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Postgraduate Education Corner: CONTEMPORARY REVIEWS IN CRITICAL CARE MEDICINE |

Hypertensive Crises*: Challenges and Management

Paul E. Marik, MD, FCCP; Joseph Varon, MD, FCCP
Author and Funding Information

*From the Department of Pulmonary and Critical Care (Dr. Marik), Thomas Jefferson University, Philadelphia, PA; and Department of Acute and Continuing Care (Dr. Varon), The University of Texas Health Science Center at Houston, Houston, TX.

Correspondence to: Paul E. Marik, MD, FCCP, 834 Walnut St, Suite 650, Philadelphia, PA 19107; e-mail: paul.marik@jefferson.edu



Chest. 2007;131(6):1949-1962. doi:10.1378/chest.06-2490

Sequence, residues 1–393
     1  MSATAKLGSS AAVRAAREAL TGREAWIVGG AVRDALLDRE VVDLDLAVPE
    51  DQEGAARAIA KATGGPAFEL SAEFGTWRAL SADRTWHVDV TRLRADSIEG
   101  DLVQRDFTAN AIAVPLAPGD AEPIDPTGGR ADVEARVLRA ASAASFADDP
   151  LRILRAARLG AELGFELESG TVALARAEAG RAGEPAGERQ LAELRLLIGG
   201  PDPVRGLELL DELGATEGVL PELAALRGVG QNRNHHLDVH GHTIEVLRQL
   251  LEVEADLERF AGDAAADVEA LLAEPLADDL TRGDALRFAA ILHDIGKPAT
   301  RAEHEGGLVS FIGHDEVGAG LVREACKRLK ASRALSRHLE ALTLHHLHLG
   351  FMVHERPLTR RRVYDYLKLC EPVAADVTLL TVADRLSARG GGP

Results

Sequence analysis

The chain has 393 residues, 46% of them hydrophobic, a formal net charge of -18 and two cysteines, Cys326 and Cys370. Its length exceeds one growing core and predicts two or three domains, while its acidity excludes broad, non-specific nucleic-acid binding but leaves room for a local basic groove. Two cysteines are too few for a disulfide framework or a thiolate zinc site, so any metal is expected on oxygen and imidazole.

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Hypertension affects > 65 million people in the United States and is one of the leading causes of death. One to two percent of patients with hypertension have acute elevations of BP that require urgent medical treatment. Depending on the degree of BP elevation and presence of end-organ damage, severe hypertension can be defined as either a hypertensive emergency or a hypertensive urgency. A hypertensive emergency is associated with acute end-organ damage and requires immediate treatment with a titratable short-acting IV antihypertensive agent. Severe hypertension without acute end-organ damage is referred to as a hypertensive urgency and is usually treated with oral antihypertensive agents. This article reviews definitions, current concepts, common misconceptions, and pitfalls in the diagnosis and management of patients with acutely elevated BP as well as special clinical situations in which BP must be controlled.


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